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Tuesday, 26 November 1974
Page: 2785

Senator MISSEN (Victoria) -This amendment stems from an unanimous recommendation of the Senate Standing Committee on Constitutional and Legal Affairs. Members of the Committee felt that whatever period might be determined as the period of separation it ought to be one that had been created and was already in existence before divorce proceedings started. I say this mainly on the basis that people should not be encouraged to leave premises, start proceedings for divorce and then not be willing to pull back from those proceedings when they later changed their mind. The Standing Committee felt that there ought to be a clear period. That period would be applicable to whatever period the Committee of the Whole finally decides on. I commend the amendment.

Amendment agreed to.

Senator Sir KENNETHANDERSON (New South Wales) (8.49)-I move:

Leave out the clause, insert the following new clause:

26.   ( I ) An application under this Act by a party to a marriage for a decree of dissolution of the marriage shall be based on the fact that the marriage has broken down irretrievably.

(2)   In a proceeding instituted by such an application, the fact that the marriage has broken down irretrievably shall be held to have been established if. and only if, it is proved to the reasonable satisfaction of the court that

(   a ) the other party to the marriage has behaved in such a way that the applicant cannot reasonably be expected to live with that party, or

(b)   the parties to the marriage have separated and thereafter have lived separately and apart for a continuous period of not less than three (3) years immediately preceding the date of the application and there is no reasonable likelihood of cohabitation being resumed, and provided that the Court is satisfied that, in all the circumstances, it is not harsh and oppressive to either party or contrary to public policy to grant the relief sought.

(3)   The Court, upon being satisfied of the existence of the fact that the marriage has irretrievably broken down, shall make the appropriate decree.

This issue was canvassed fully in the second reading debate and I do not propose to speak on it at any great length. All honourable senators would be aware of the diametrically opposed points of view held by some honourable senators in relation to this Bill. It has euphemistically been called a Bill for the no fault dissolution of marriage.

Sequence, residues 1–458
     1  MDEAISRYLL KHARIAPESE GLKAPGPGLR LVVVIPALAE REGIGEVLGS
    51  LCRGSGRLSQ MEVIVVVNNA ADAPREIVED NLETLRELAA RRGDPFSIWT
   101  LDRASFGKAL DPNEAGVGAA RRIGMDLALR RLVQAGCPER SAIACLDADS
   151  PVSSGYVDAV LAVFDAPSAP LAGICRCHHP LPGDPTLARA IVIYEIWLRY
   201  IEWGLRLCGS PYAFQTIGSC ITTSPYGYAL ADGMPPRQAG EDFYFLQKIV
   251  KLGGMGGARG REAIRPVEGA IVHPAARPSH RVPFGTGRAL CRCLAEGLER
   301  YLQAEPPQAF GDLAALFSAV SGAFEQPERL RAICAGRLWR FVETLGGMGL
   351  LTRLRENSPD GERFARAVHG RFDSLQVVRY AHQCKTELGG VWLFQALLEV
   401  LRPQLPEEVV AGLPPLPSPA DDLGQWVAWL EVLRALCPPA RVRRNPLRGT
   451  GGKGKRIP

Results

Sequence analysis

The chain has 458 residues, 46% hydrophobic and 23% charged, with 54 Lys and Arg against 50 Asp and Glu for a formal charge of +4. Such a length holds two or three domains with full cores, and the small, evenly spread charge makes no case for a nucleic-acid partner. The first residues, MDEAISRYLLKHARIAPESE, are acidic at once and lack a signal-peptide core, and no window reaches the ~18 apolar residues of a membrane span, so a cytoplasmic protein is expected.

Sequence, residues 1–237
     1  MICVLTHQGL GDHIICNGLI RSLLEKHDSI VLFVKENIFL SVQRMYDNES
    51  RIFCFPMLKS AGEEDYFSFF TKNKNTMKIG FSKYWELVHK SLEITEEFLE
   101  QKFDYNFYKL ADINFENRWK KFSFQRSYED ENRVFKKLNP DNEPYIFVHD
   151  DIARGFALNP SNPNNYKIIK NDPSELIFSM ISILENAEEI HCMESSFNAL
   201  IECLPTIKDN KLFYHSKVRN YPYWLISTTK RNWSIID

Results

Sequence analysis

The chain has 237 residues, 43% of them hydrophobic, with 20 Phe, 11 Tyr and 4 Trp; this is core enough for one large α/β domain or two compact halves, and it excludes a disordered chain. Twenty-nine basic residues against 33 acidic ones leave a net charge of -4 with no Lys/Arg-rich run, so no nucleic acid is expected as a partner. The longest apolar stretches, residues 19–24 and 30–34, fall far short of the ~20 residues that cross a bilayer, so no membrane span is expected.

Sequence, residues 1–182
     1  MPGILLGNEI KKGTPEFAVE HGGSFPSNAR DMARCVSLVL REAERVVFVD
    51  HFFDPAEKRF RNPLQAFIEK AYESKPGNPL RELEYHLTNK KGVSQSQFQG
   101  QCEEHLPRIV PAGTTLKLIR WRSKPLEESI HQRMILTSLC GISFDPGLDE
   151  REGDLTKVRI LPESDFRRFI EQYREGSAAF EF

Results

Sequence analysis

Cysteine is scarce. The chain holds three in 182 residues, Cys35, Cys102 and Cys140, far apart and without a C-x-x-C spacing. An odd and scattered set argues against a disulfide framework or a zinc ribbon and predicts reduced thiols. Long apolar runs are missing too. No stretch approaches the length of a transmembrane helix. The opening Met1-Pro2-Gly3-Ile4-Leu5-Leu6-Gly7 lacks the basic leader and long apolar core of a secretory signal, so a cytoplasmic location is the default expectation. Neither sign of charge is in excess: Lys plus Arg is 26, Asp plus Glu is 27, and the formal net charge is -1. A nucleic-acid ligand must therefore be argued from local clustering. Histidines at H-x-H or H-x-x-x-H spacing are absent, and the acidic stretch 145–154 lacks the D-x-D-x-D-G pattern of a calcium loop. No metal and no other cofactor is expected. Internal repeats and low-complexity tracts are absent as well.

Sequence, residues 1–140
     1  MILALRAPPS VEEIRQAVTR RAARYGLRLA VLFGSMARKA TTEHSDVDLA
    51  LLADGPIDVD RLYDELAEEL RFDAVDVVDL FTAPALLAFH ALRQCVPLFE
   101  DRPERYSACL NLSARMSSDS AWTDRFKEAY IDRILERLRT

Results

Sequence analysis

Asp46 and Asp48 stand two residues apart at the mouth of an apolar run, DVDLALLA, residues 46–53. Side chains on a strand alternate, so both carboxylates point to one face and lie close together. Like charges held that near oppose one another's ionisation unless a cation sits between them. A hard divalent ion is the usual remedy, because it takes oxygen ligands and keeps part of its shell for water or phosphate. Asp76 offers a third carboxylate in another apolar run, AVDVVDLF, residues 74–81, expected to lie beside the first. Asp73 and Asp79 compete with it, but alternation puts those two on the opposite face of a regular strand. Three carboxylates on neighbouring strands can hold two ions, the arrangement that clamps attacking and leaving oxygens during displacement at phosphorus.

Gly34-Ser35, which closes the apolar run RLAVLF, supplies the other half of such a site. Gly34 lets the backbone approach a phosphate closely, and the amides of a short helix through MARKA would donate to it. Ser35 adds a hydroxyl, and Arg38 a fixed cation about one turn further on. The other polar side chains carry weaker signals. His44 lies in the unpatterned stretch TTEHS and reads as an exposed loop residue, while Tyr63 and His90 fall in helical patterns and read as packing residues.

My amendment seeks to put the onus of responsibility on the court to show that a marriage has irretrievably broken down and cannot be repaired and that the parties cannot be brought together again. My amendment proposes that the court should have regard to all the circumstances which have brought about the failure of the marriage, such as the conditions of the marriage and the grounds for divorce which are inherent in the present Matrimonial Causes Act. The court must look at all those things before it implements the provisions of the Family Law Bill in relation to the dissolution of marriage.

In my speech in the second reading debate I referred to a statement made by a number of people in high office in the community- I do not propose to mention their names again- people from religious groups in the community, notably in New South Wales, at least one Queen's Counsel in New South Wales and a number of other members of the legal profession. They have said that clause 26 of the Bill is objectionable because its effect is to permit divorce at the will of one party, without any objective test that the marriage has in fact irretrievably broken down. They have also suggested that adultery should be included as a separate ground. I have not included that suggestion in my amendment because 1 believe that the court would have to look at that condition as well as at other conditions of a marriage to be satisfied that it has inevitably and irretrievably broken down. I am not a lawyer but 1 understand that there are about 14 conditions including desertion, brutality and bestiality. I made my point in relation to those grounds when I spoke in the second reading debate.